AMSTERDAM // The Palestinian bid for statehood at the United Nations is turning into an unwelcome distraction for a Europe that is elsewhere engaged. The continent's leaders, whether at the EU in Brussels or in other European capitals, give the impression that if they have to take time off from managing the financial crisis, they would rather spend it on dealing with the popular uprisings in the Arab world than on the Palestinian issue.
Despite Nicolas Sarkozy, the French president, calling yesterday on the United Nations to admit Palestine as a non-member state and for "one year to reach a definitive agreement" between Israel and the Palestinians, the European Union is deeply and rather hopelessly divided on the statehood bid.
Representatives for Catherine Ashton, the EU's foreign policy chief, can do little more than repeat the official position of the United States, United Nations, the European Union and Russia - the so-called "Quartet" of international mediators - which is that the conflict should be solved through negotiations, not by taking unilateral steps. Never mind that the Quartet itself is divided, with the US intent on vetoing the move while Russia is supportive.
Although France's stance is positive, Britain is on the fence and Germany is opposed, and neither the EU nor the most important European countries have yet taken an official position on how they will vote. Ostensibly this is because nobody has so far seen the wording of a Security Council resolution and the Palestinians have not even decided whether to appeal to the General Assembly, which offers them a much more favourable forum. But the real reason for the reluctance to take a clear position seems to be that nothing can be gained from it. If the frantic, last-ditch diplomatic efforts fail to make the issue go away, as seems likely, the Europeans may have to come off the fence, although the feeling among many observers is that abstention may turn out to be a favourite choice.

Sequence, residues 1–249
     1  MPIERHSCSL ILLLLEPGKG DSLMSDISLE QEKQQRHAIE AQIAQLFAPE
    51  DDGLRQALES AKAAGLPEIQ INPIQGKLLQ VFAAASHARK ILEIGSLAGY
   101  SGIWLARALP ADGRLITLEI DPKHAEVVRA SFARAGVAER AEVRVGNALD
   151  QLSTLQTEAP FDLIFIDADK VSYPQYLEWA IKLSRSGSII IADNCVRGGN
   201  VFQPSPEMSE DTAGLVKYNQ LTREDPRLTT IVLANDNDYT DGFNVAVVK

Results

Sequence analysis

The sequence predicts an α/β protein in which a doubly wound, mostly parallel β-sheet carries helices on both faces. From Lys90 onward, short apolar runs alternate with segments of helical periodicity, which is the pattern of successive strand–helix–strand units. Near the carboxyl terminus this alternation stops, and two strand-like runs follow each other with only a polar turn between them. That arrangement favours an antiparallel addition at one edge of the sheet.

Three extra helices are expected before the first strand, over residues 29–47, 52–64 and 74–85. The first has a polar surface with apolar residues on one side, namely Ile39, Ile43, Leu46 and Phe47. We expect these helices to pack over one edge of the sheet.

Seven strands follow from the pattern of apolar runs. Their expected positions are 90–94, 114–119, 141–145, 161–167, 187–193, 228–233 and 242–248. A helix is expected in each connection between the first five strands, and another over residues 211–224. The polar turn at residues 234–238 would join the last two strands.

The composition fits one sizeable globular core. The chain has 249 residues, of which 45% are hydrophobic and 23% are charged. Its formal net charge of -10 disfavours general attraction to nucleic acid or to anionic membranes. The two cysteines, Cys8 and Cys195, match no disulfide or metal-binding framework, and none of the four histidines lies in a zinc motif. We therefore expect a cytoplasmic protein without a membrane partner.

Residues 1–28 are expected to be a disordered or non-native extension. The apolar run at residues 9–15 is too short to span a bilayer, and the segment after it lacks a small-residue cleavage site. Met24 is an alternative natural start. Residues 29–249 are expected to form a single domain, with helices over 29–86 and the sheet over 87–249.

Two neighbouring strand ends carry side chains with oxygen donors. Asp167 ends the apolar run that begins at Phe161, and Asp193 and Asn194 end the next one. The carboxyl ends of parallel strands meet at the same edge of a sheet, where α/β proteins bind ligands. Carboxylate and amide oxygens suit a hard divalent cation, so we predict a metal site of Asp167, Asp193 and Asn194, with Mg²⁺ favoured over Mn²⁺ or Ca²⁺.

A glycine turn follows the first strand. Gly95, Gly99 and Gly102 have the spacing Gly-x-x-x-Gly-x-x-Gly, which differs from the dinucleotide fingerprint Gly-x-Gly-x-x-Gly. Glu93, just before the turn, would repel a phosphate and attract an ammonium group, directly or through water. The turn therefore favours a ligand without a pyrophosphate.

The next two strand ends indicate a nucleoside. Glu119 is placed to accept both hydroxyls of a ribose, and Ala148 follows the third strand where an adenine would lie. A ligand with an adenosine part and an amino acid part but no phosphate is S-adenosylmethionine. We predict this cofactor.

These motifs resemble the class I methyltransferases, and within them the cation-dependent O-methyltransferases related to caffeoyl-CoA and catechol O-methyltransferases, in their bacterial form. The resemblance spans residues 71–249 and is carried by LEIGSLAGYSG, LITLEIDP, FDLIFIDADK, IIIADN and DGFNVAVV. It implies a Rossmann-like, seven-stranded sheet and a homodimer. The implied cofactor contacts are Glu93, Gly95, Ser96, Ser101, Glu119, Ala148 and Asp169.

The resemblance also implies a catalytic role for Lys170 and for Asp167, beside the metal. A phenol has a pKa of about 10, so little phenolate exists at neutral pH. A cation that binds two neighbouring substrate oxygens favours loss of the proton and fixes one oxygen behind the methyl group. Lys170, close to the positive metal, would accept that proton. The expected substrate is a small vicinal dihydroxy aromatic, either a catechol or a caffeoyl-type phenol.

It is the "coward's option", said Rosemary Hollis, professor of Middle East Policy Studies at City University in London. It is also one that Britain, which is ambivalent about the statehood bid, may well exercise when the time comes in both the Security Council and the General Assembly.
In Britain and across Europe, there is very little appetite to deal with the statehood issue, Mrs Hollis said. "All the Europeans can do is think, 'How can we get through this crisis with minimum damage?', because they don't have a solution and their ability to do anything is pretty minimal."
Despite being the largest aid donor to the Palestinian Authority and being Israel's largest trade partner, Europe has been able to exercise very little political influence in the conflict or indeed elsewhere in the region. That may have been an uncomfortable but relatively harmless reality in previous decades, but the issues of immigration, terror and the Arab Spring have now made it more painful.
Fresh back from the adulation they received in the streets of Tripoli, the leaders of France and the UK are understandably reluctant to see that goodwill evaporate by casting a vote against the Palestinians. On the other hand, defying the US and further weakening the already eroding Israeli position may not be that attractive either.
"Realpolitik says that getting on the wrong side of Israel is actually not worth it. You won't achieve much and you'll get a lot of grief," explained Mrs Hollis. Furthermore, "every time you upset the United States, you got to calculate what you get in return".
Europe's relative weakness in the region has long been taken as a given in the Arab world. But for some, the changes that are being wrought by the Arab Spring offer an opportunity for a more significant European role. In that context, the vote on Palestinian statehood can offer at least a symbolic declaration of intent, said Tarek Osman, an Egyptian author, economist and commentator.
"I think at this stage symbolism is important as well. Is the Palestinian state a dramatic issue in regional politics right now? No. But the symbolism of what the Americans and Europe will do is important."
Symbolic though it may be, Mr Osman agreed that the Palestinian statehood issue was not likely to determine the future of European-Arab relations. "The question is, is Europe coming back to play this strategic role? That is a much bigger story than just the vote on the Palestinian issue."
As happens often in the realm of foreign policy, there is a large gap between the politicians and the people. Several polls have found large majorities in most European countries in favour of recognising a Palestinian state.
But as Mrs Hollis said, "No European voter is going to vote on the basis of what happens to Palestine. But on what happens to the banks, they are."